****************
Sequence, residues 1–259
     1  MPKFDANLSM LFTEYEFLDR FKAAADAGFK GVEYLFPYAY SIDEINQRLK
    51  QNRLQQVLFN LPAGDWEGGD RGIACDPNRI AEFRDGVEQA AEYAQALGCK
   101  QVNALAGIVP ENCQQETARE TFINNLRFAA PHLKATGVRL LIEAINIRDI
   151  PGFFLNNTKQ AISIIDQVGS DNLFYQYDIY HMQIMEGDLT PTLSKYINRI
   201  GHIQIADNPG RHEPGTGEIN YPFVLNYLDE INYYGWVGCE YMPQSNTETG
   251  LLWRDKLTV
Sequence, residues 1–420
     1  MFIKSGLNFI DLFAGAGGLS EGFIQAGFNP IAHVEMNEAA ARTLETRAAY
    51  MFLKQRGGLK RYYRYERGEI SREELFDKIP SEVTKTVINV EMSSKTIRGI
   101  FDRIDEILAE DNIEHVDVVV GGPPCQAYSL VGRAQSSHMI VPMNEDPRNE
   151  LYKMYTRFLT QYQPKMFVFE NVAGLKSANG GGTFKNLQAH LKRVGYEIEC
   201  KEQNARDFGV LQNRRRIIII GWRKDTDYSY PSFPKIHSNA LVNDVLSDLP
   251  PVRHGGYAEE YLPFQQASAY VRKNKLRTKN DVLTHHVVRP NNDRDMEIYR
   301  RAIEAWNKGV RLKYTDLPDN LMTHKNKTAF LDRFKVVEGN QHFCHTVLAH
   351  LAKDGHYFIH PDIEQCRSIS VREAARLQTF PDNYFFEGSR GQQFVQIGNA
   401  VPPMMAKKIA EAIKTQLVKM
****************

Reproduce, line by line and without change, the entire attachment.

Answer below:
Sequence, residues 1–259
     1  MPKFDANLSM LFTEYEFLDR FKAAADAGFK GVEYLFPYAY SIDEINQRLK
    51  QNRLQQVLFN LPAGDWEGGD RGIACDPNRI AEFRDGVEQA AEYAQALGCK
   101  QVNALAGIVP ENCQQETARE TFINNLRFAA PHLKATGVRL LIEAINIRDI
   151  PGFFLNNTKQ AISIIDQVGS DNLFYQYDIY HMQIMEGDLT PTLSKYINRI
   201  GHIQIADNPG RHEPGTGEIN YPFVLNYLDE INYYGWVGCE YMPQSNTETG
   251  LLWRDKLTV
Sequence, residues 1–420
     1  MFIKSGLNFI DLFAGAGGLS EGFIQAGFNP IAHVEMNEAA ARTLETRAAY
    51  MFLKQRGGLK RYYRYERGEI SREELFDKIP SEVTKTVINV EMSSKTIRGI
   101  FDRIDEILAE DNIEHVDVVV GGPPCQAYSL VGRAQSSHMI VPMNEDPRNE
   151  LYKMYTRFLT QYQPKMFVFE NVAGLKSANG GGTFKNLQAH LKRVGYEIEC
   201  KEQNARDFGV LQNRRRIIII GWRKDTDYSY PSFPKIHSNA LVNDVLSDLP
   251  PVRHGGYAEE YLPFQQASAY VRKNKLRTKN DVLTHHVVRP NNDRDMEIYR
   301  RAIEAWNKGV RLKYTDLPDN LMTHKNKTAF LDRFKVVEGN QHFCHTVLAH
   351  LAKDGHYFIH PDIEQCRSIS VREAARLQTF PDNYFFEGSR GQQFVQIGNA
   401  VPPMMAKKIA EAIKTQLVKM